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Williamson v. Aramark Schools Facilities, LLC

United States District Court, M.D. Louisiana

September 13, 2017

ELLEN WILLIAMSON
v.
ARAMARK SCHOOLS FACILITIES, LLC ET AL.

          ORDER

          ERIN WILDER-DOOMES, UNITED STATES MAGISTRATE JUDGE

         Before the Court is East Baton Rouge Parish School Board's Motion to Substitute Complaint of Intervention (the “Motion”).[1] On July 7, 2017, East Baton Rouge Parish School Board (“EBRPSB”) filed a Motion for Leave to File Complaint of Intervention.[2] On September 5, 2017, the undersigned issued an Order[3] requiring EBRPSB to file a motion to substitute the proposed Complaint of Intervention[4] with a comprehensive complaint of intervention that adequately alleges the citizenship of all parties.[5]

         On September 12, 2017, EBRPSB filed the instant Motion with a proposed Complaint of Intervention that contains the following allegations regarding the citizenship of the parties:

1. The School Board is a political subdivision of the State of Louisiana and domiciled in Louisiana.
2. School Board seeks leave to intervene as a plaintiff in this matter.
3. Made defendants-in-intervention herein are as follows:
1. ELLEN WILLIAMSON, a person of the full age of majority and domiciled in Parish of East Baton Rouge, State of Louisiana;
2. ARAMARKSCHOOLSFACILITIES, LIMITED LIABILITY COMPANY, a Delaware limited liability company, doing business in the State of Louisiana, having reinstated its corporate capacity on August 28, 2017, following revocation on March 15, 2017, and MetroClean is a “d/b/a” of Aramark Schools Facilities, LLC;
3. ARAMARK MANAGEMENT SERVICES, LIMITED PARTNERSHIP, is a limited partnership organized under the law of the state of Delaware, if [sic] which the general partner is Aramark SMMS LLC, a limited liability company organized under the laws of the state of Delaware with its principal place of business in Pennsylvania, and the sole limited partner is Aramark Services, Inc., a corporation organized under the laws of the state of Delaware with its principal place of business in Pennsylvania, and doing business in the State of Louisiana despite its failure to file its Annual Report in February of 2017 (and changing its principal business office address to “Delaware, PA” with no specific address on October 18, 2015).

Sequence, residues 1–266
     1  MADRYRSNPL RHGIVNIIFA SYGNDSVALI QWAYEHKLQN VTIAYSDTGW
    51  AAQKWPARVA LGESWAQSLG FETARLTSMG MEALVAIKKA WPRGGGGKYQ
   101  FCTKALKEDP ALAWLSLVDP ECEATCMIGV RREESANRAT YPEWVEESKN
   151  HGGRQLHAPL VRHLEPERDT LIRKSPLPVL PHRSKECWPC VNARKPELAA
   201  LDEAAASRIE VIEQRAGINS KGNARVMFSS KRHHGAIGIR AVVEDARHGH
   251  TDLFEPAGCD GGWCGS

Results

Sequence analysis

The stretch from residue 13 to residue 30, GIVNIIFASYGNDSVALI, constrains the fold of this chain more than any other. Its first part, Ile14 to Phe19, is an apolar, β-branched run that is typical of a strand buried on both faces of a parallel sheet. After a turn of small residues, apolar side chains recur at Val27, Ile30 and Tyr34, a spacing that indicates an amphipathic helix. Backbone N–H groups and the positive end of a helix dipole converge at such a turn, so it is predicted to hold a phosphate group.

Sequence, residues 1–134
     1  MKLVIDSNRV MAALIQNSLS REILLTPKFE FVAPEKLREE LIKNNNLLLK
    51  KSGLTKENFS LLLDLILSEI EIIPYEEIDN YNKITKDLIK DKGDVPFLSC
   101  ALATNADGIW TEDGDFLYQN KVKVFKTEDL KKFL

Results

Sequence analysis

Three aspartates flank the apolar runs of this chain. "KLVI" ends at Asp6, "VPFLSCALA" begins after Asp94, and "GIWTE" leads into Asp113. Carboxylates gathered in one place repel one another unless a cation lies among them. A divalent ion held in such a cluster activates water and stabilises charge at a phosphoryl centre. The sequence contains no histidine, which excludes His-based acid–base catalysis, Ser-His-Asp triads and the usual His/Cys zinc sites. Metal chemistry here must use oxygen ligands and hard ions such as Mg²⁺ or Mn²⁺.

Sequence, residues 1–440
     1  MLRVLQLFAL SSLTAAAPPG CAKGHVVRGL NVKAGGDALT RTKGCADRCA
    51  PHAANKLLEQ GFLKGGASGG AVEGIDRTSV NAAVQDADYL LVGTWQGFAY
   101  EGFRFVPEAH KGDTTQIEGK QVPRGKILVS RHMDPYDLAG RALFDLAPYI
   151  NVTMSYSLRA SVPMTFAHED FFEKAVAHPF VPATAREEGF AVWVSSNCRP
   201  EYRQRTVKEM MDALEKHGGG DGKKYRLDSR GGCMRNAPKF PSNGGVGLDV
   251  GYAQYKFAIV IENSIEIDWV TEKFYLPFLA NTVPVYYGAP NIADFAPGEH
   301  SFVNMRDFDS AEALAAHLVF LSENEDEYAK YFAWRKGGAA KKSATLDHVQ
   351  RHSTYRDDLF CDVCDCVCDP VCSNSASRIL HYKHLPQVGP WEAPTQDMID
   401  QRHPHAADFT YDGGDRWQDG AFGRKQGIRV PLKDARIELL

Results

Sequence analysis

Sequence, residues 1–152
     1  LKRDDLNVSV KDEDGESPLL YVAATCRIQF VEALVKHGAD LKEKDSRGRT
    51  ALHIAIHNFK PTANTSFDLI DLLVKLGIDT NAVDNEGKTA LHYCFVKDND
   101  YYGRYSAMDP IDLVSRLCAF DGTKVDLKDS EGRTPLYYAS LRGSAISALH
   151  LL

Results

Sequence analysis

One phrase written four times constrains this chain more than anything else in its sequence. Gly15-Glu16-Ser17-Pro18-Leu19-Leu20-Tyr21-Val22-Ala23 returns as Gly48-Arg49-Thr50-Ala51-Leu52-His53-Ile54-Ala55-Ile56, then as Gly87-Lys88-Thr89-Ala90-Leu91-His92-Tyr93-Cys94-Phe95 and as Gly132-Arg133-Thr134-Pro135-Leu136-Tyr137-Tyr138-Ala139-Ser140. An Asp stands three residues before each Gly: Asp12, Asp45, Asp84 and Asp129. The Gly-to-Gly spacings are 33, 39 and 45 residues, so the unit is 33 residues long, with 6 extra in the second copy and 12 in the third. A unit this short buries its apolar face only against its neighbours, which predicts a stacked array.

4. ARAMARK SERVICES, INC., is a corporation organized under the laws of the state of Delaware with its principal place of business in Pennsylvania, with a principal business establishment address in East Baton Rouge Parish, Louisiana, and doing business in the State of Louisiana despite the entity's inactive status with the Louisiana Secretary of State since May of 2017 for failure to file its Annual Report.
5. SOJI SERVICES, INC. D/B/A METROCLEAN, a Texas corporation with its principal place of business in Texas; and
6. BRIDGET JONES, a person of full age of majority who is believed to be domiciled in the Parish of East Baton Rouge, State of Louisiana.[6]

         Proper information regarding citizenship of all parties is necessary to determine whether EBRPSB's intervention will destroy the Court's subject matter jurisdiction under 28 U.S.C. § 1332. In the proposed Complaint of Intervention, citizenship has not been adequately alleged. While the citizenship of Ellen Williamson, Bridget Jones, Aramark Services, Inc. and Soji Services, Inc. d/b/a Metroclean has been adequately alleged, [7] citizenship has not been properly alleged with respect to Aramark Schools Facilities, LLC and Aramark Management Services, L.P.

         As stated in the September 5, 2017 Order, [8] with respect to Aramark Schools Facilities, LLC, the Fifth Circuit has held that for purposes of diversity, the citizenship of a limited liability company is determined by considering the citizenship of all its members. Harvey v. Grey Wolf Drilling Co., 542 F.3d 1077, 1080 (5th Cir. 2008). Thus, to properly allege the citizenship of a limited liability company, a party must identify each of the members of a limited liability company, and the citizenship of each member in accordance with the requirements of 28 U.S.C. § 1332(a) and (c). The same requirement applies to any member of a limited liability company which is also a limited liability company. See, Turner Bros. Crane and Rigging, LLC v. Kingboard Chemical Holding Ltd., 2007 WL 2848154, at *4 (M.D. La. Sept. 24, 2007) (“when partners or members are themselves entities or associations, the citizenship must be traced through however many layers of members or ...


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